As I looked into the eyes of those IDPs, I saw the face of my mother, Dr. Ngolela wa Kabongo, herself displaced at least three times in the Congo before coming to America and receiving her doctorate from Harvard. In the faces of the few men who had not been killed on the way to the camp, I saw my father, Dr. Dibinga wa Said, who came from the same area where the conflict is taking place and eventually received two doctorates, one from Harvard and another from the Sorbonne.
I remember meeting my cousin who became my proverbial final straw. He was 22 years old with a girlfriend and a two-year-old son. He had developed a cold that could not be treated because medicine could not be delivered in a country afflicted by war. I went out for a tour of the city with my uncle (his father), and when I came back that night my cousin was dead.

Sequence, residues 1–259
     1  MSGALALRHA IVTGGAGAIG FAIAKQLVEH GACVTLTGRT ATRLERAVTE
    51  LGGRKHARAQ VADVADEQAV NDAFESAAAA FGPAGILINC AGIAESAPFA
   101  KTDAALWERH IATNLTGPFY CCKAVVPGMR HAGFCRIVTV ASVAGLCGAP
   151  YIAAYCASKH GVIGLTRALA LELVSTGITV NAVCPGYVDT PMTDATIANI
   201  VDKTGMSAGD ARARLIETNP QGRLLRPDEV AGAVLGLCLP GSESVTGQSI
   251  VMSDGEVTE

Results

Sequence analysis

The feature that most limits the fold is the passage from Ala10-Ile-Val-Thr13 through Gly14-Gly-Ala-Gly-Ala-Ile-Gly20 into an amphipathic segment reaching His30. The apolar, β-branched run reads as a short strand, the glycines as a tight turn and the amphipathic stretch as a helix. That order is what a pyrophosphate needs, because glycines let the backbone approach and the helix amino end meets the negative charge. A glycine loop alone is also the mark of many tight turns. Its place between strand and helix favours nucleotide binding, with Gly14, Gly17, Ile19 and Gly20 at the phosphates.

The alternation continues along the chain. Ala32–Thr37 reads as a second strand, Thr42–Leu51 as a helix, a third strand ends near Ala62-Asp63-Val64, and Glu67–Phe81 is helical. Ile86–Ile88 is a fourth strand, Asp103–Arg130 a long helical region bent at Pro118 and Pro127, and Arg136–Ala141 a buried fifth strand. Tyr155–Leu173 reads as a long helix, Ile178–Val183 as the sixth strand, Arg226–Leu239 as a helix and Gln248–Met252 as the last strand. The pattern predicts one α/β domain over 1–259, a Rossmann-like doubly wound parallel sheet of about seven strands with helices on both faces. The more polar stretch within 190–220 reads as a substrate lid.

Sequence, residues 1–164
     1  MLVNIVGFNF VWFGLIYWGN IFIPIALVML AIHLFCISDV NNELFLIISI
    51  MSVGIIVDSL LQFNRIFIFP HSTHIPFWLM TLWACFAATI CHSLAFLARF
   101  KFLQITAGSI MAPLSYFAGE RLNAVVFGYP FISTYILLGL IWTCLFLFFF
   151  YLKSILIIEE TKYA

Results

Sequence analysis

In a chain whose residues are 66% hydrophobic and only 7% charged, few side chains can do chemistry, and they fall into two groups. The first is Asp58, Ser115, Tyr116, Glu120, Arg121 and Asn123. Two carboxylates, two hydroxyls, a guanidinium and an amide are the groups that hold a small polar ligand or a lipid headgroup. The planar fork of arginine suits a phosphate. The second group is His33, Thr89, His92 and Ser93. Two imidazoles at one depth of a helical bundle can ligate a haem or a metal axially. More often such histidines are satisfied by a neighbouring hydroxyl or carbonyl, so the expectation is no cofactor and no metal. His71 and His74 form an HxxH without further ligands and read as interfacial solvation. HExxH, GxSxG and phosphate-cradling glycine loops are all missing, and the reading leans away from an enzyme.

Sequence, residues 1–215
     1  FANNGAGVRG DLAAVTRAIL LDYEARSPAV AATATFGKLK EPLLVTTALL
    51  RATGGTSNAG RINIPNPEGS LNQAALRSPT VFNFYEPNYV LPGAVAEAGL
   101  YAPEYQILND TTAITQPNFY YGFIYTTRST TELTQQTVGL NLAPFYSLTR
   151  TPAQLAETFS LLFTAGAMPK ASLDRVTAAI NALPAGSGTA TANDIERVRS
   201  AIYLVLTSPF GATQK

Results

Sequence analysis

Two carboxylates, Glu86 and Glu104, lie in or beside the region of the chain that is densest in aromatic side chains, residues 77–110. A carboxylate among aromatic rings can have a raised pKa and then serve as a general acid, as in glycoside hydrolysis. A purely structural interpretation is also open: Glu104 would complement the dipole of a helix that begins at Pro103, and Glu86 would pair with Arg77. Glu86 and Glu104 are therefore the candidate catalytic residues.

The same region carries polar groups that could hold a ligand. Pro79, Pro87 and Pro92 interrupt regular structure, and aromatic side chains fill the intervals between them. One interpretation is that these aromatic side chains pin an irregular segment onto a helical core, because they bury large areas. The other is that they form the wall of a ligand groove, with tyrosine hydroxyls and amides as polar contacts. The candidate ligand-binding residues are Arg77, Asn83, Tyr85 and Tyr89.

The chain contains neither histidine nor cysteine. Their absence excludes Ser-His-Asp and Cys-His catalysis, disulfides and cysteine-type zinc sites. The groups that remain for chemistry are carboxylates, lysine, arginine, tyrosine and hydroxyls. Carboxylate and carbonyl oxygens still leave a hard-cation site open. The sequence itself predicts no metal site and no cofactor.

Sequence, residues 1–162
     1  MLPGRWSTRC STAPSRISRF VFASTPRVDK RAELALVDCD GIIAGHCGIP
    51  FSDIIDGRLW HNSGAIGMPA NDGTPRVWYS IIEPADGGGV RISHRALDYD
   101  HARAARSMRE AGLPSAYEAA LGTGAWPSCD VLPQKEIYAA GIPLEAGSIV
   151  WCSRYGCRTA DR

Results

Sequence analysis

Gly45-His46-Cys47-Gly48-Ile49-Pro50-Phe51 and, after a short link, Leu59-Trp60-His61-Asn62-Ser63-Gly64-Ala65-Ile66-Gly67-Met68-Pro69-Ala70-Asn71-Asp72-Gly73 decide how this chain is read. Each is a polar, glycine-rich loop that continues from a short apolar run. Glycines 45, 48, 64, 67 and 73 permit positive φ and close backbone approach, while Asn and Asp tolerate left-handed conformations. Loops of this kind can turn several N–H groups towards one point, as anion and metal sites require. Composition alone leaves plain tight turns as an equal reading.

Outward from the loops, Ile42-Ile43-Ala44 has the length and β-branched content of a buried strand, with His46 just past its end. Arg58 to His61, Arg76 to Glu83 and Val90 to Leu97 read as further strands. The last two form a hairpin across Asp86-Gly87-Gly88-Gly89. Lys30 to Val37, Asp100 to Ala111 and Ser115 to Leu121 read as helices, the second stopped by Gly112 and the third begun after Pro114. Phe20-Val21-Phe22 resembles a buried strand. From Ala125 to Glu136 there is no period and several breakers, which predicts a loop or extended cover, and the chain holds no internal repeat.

In order to raise awareness of the crisis in the Congo, I turned to the one talent that I had been working to perfect for most of my life — music. As a rapper and poet who performs in English, French and Swahili, I knew that I had to use my skills to speak up for the Congo. And if DuBois, Twain and others could stop the atrocities taking place during their time without social media, computers and television, what could I do in this new millennium?
Lyrics flow through me and have ever since I learned about poetry and how it can empower and inspire people to action. My musicality developed as an escape and release from the bullying I was experiencing at school. Ironically it became my megaphone to help stop the most extreme form of bullying taking place in the Congo.